Pelosi and Velásquez Push for DACA/TPS Bill in New York

House Speaker Nancy Pelosi (left) and Rep. Nydia Velásquez (second from right) are pushing for a bill that would benefit Dreamers and TPS holders. (Photo by Mariela Lombard via El Diario)

(…) On Wednesday, several Democratic leaders, led by U.S. House of Representatives Speaker Nancy Pelosi and New York Rep. Nydia Velásquez, announced in New York that in the coming months they will put up a fight in Congress to push for a bill that would give relief to Dreamers and TPS beneficiaries.

Velázquez said that a host of influential Democratic leaders, as well as immigrant rights activists, are launching a campaign to push Washington lawmakers to approve the H.R. 6 bill, better known as the Dream and Promise Act.

(…) “We need to protect the status of people who have been here for many years contributing to the United States’ greatness. This legislation is urgent and the immigrant stories that we hear on a daily basis are reasons enough to approve it,” said Pelosi, inviting the community to mobilize and organize to help the bill pass. “Sí se puede [Yes we can],” she added in Spanish.

The bill would also benefit recipients of Deferred Enforced Departure (DED), a form of relief that prevents them from being deported, generally for an established period of time.

Joining the press conference, which took place at the Lower East Side Tenement Museum, were other advocates of the measure, including Mayor Bill de Blasio and Rep. Adriano Espaillat (…)

Perla Canales, from Honduras, a TPS beneficiary since 1999 when the Bill Clinton administration gave protected status to Central American victims of Hurricane Mitch, said she was optimistic.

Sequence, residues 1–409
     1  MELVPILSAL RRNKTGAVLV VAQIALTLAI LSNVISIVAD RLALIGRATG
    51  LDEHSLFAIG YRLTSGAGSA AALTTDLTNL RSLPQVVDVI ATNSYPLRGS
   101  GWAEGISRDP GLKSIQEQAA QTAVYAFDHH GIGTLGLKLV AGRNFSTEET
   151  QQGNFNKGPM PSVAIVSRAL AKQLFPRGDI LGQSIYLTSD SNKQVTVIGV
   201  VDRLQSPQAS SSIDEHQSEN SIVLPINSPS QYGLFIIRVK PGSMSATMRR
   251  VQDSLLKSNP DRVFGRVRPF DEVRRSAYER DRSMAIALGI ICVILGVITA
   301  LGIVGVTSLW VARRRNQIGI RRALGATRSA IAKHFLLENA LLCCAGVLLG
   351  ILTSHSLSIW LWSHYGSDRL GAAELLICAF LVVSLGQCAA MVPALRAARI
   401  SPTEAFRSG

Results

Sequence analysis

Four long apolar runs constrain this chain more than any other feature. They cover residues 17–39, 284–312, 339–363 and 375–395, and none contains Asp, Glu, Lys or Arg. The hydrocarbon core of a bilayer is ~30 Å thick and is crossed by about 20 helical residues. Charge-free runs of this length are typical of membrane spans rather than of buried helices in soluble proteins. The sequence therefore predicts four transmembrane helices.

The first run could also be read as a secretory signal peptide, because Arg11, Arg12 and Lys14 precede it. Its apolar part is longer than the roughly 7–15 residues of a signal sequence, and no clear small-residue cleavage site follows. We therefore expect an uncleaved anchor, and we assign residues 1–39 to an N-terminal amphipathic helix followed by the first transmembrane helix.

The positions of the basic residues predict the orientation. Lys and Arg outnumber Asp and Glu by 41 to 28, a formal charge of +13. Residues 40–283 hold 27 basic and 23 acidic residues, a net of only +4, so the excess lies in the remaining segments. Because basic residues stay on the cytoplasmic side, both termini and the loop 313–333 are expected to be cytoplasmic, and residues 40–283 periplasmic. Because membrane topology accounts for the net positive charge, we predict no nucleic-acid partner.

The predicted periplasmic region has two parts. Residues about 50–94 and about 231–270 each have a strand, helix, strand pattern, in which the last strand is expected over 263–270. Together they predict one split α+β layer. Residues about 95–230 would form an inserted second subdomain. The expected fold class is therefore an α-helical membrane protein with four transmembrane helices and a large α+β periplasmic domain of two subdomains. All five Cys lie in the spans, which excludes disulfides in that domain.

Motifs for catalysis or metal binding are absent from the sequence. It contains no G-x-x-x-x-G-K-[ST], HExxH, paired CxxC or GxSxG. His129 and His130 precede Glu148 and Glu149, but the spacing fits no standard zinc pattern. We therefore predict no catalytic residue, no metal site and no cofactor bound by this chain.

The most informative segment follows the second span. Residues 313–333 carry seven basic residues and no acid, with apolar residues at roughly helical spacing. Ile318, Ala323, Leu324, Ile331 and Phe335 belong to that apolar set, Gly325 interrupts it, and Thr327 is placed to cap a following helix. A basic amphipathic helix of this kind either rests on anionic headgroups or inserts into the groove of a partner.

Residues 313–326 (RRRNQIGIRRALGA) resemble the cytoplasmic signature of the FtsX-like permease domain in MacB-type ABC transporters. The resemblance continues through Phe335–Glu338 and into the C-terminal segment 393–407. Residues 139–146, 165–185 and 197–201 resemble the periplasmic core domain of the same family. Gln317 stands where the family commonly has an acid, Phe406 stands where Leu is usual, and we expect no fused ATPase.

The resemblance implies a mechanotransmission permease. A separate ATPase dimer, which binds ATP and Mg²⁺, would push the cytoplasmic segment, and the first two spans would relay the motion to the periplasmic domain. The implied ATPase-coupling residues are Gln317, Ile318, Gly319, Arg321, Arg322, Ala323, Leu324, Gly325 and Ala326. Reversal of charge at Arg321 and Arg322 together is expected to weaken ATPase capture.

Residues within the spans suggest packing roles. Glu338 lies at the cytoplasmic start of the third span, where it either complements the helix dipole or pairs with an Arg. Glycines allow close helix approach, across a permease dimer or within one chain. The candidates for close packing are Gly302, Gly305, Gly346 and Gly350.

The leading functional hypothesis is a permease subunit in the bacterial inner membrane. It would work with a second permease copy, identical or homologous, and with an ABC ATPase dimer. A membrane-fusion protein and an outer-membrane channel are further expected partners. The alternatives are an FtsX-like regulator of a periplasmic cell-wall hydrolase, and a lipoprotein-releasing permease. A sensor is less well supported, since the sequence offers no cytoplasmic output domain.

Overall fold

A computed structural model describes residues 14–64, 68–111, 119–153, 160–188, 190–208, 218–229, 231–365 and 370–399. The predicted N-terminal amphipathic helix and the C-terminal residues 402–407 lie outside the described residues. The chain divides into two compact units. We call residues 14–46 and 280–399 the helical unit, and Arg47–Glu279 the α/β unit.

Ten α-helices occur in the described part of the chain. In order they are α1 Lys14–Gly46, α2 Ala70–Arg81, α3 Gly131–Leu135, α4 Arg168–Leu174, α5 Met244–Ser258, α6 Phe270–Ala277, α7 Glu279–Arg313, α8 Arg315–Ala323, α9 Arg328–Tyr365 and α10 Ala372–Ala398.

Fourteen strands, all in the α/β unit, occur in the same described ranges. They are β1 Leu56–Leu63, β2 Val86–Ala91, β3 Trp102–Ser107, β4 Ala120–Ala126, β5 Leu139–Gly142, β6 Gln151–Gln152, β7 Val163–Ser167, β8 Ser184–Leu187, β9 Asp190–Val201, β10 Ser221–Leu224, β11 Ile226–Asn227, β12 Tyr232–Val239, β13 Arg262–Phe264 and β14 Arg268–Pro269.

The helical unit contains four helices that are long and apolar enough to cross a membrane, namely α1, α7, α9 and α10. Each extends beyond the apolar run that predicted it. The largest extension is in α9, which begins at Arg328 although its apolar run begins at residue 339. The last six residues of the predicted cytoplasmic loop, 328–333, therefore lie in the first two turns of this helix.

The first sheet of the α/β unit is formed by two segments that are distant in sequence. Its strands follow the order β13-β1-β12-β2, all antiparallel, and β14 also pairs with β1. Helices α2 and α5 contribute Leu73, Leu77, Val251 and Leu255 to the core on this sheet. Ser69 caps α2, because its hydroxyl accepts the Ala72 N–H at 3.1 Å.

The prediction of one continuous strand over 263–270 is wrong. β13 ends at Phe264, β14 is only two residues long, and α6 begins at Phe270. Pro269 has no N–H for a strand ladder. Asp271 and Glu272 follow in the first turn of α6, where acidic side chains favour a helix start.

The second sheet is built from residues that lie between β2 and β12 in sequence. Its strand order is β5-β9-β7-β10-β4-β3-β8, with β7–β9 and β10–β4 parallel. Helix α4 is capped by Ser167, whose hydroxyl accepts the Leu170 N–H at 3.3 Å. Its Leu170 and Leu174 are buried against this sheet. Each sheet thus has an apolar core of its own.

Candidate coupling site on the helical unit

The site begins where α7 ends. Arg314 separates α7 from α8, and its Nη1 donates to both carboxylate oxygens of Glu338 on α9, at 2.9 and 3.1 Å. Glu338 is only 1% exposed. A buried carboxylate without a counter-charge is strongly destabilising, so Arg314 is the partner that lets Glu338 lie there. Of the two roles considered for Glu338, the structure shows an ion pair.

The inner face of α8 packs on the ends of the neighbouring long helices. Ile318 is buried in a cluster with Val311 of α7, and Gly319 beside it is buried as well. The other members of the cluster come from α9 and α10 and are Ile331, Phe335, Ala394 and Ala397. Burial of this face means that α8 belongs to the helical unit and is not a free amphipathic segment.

“I do feel that this time this bill is going to pass, and it will take away that constant fear that we live in. When you know that there is no path to [permanent] residence you always worry that you will be sent back to your country, where it’s dangerous and there are no opportunities,” said the immigrant, adding that she hopes the protections will pass before December so she can spend a relaxed Christmas with her family.

(…) “I came here from México when I was two-and-a-half years old,” said Vanessa, 28, a DACA recipient and mother. “This is my life, and it is hard knowing that at any moment something can happen to me and they can send me to a country where I have nothing. Also, because I don’t have a permanent status I have not been able to do things like finishing my business management studies.”

Héctor Figueroa, president of the 32BJ union, said that immigration laws have a direct impact on labor issues, and urged Washington to not give up on the bill. “It’s about defending the dreams of millions of immigrants,” he said.


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